After several relatively uneventful months passed in Germany without a major incident involving migrants or refugees, the local migrant debate was again reignited after German Police arrested a 17-year-old Afghan teenage refugee in a high profile sexual assault and murder case that had kept the residents of Freiburg, Germany in suspense for months.
The old town is seen from the cathedral tower in Freiburg, Germany
A medical student, officially identified only as Maria L., 19, was raped and allegedly drowned on the night of October 16, when she was returning to her residence hall from a student party by bicycle. Her body was found the next morning by locals on the bank of the Dreisam River in Freiburg, home of one of Germany’s elite universities RT reports.
The case has sparked massive public outcry, prompting police to form a special group consisting of about 40 investigative officers and forensic specialists. After an investigation that lasted for more than a month, police finally arrested the alleged murderer and rapist on Friday. “The suspect is a minor, 17, from Afghanistan, who came to Germany in 2015,” said Dieter Inhofer, the regional chief prosecutor, at a press conference following the arrest.
A single strand of black hair partially dyed blonde, a scarf found on the riverbed, and several DNA samples found on the victim’s body and at the crime scene led investigators to the suspect, police revealed during the press conference. “We were able to speak to the foster family,” David Mueller, head of the special investigative group, told journalists, but refused to reveal the nature of the conversation. “The suspect still refuses to testify,” he added.
The suspect was charged with sexual assault and murder, police said during the press conference, adding that it is yet unknown whether he deliberately drowned the victim or threw the woman in the water while she was unconscious. “The death occurred due to drowning,” Mueller said, stressing that it is the only fact confirmed so far regarding the victim’s death.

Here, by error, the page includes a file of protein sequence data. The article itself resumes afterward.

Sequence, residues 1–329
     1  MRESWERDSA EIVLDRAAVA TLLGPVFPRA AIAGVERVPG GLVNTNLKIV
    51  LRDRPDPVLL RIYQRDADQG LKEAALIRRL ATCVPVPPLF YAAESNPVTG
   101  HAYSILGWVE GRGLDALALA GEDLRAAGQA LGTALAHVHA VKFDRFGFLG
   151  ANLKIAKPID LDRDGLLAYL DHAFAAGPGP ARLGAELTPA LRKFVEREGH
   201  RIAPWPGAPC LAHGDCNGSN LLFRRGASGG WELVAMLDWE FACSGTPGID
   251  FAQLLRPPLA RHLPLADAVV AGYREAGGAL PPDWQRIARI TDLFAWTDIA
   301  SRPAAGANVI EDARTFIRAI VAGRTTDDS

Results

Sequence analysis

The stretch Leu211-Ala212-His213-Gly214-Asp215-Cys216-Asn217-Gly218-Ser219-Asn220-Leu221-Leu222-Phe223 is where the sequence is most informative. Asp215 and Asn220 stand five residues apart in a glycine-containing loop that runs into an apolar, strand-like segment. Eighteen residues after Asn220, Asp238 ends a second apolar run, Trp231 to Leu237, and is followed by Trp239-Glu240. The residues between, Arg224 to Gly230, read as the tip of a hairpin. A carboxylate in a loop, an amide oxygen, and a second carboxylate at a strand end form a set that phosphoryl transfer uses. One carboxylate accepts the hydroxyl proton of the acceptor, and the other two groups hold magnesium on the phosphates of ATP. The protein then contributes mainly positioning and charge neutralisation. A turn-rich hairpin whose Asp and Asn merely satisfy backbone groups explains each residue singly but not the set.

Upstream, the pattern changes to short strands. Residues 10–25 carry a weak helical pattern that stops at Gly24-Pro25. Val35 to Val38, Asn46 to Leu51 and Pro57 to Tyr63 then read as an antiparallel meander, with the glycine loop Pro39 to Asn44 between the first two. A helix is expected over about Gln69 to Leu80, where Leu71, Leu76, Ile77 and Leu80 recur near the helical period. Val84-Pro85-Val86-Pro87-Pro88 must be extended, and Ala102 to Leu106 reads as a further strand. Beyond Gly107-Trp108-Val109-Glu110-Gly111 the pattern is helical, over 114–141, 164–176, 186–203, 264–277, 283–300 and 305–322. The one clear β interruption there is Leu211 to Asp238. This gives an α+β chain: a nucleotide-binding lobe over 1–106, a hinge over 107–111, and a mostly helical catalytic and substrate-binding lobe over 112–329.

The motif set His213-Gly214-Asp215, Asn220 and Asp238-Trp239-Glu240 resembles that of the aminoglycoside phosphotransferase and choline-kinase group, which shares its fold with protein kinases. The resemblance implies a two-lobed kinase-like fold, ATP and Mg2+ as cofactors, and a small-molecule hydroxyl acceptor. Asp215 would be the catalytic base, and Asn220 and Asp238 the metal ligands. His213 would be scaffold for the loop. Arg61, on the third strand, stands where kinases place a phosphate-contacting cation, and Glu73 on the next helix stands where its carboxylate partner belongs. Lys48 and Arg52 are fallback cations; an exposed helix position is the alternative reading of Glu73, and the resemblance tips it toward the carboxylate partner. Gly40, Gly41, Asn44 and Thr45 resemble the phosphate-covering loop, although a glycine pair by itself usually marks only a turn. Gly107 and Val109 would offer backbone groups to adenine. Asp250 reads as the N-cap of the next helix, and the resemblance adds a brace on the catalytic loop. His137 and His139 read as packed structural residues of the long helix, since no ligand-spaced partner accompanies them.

As part of their findings, which provoked another wave of revulsion against Merkel's "open door" policies, officials confirmed that the suspect entered Germany illegally and later filed an asylum request as an unaccompanied minor. He then lived with a foster family in Freiburg. He had been charged once before with inflicting bodily harm, but the case was later dropped, police told journalists during the press conference without giving further details. It was unclear if the suspect and the victim had known each other before the incident, or if the attack was planned in advance.
Police also mentioned a similar incident in the nearby town of Endigen, just 30 kilometers from Freiburg, where a woman, 27, was also raped and murdered weeks after Maria L.’s death. No links between the two cases have been found, though a connection might still be investigated, Inhofer said.
“We will have no rest. We will thoroughly examine every lead and will look under every rock – many times, if needed,” Bernhard Rotzinger, head of the Freiburg Police Department, said on Friday.
Meanwhile, as expected, the news provoked outrage on social media, where people again blamed Angela Merkel’s open-door policy for what happened in Freiburg.
“Angela Merkel, look here! Blood of this person is on your hands!” a Twitter user wrote in a post featuring a photo of the victim.
As RT reports, some Twitter users expressed outrage over the situation and mocked the slogans used by advocates of the open-door policy.
for non-Germans: We had cultural enrichment in #Freiburg where a 19 year old med student was raped and murderd by an Afghan illigal migrant.— Kraut and Tea (@Kraut_and_Tea) December 3, 2016
“This is just nonsense: [we] provide for the murderers of our daughters. That is apparently a Stockholm syndrome,” another Twitter user wrote.
It appears that Germany also has a problem when it comes to objective media coverage, and many criticized the German media for their reluctance to cover the story, dismissing it as “an incident of regional significance.”
Following the outrage, Freiburg Mayor Dieter Salomon called for discretion and urged Germans “not to draw generalized conclusions from the suspect’s origin and regard [the incident] as an isolated one instead,” Die Welt reported.
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Capitalizing on the outrage, Germany's anti-migrant AfD party blamed the "uncontrolled" influx of foreign undocumented migrants, with the local police union reminding of the "dangers that go along with massive immigration," according to AFP. But some politicians wished to "dispel the atmosphere of fear." Vice Chancellor Sigmar Gabriel told Bild the murder should not serve as basis for anti-refugee hatred, especially given that "Such horrible murders already happened before the first Afghan or Syrian refugee arrived here."
"We will not allow incitement after such violent crimes, no matter who commits them."
A total of 21,000 rejected asylum-seekers were repatriated in 2015, and an additional 35,000 in the first seven months of 2016, German Interior Minister Thomas de Maiziere said at a cabinet meeting in August. In late November, Merkel announced that up to 100,000 rejected asylum-seekers would be returned from Germany to their home countries by the end of the year.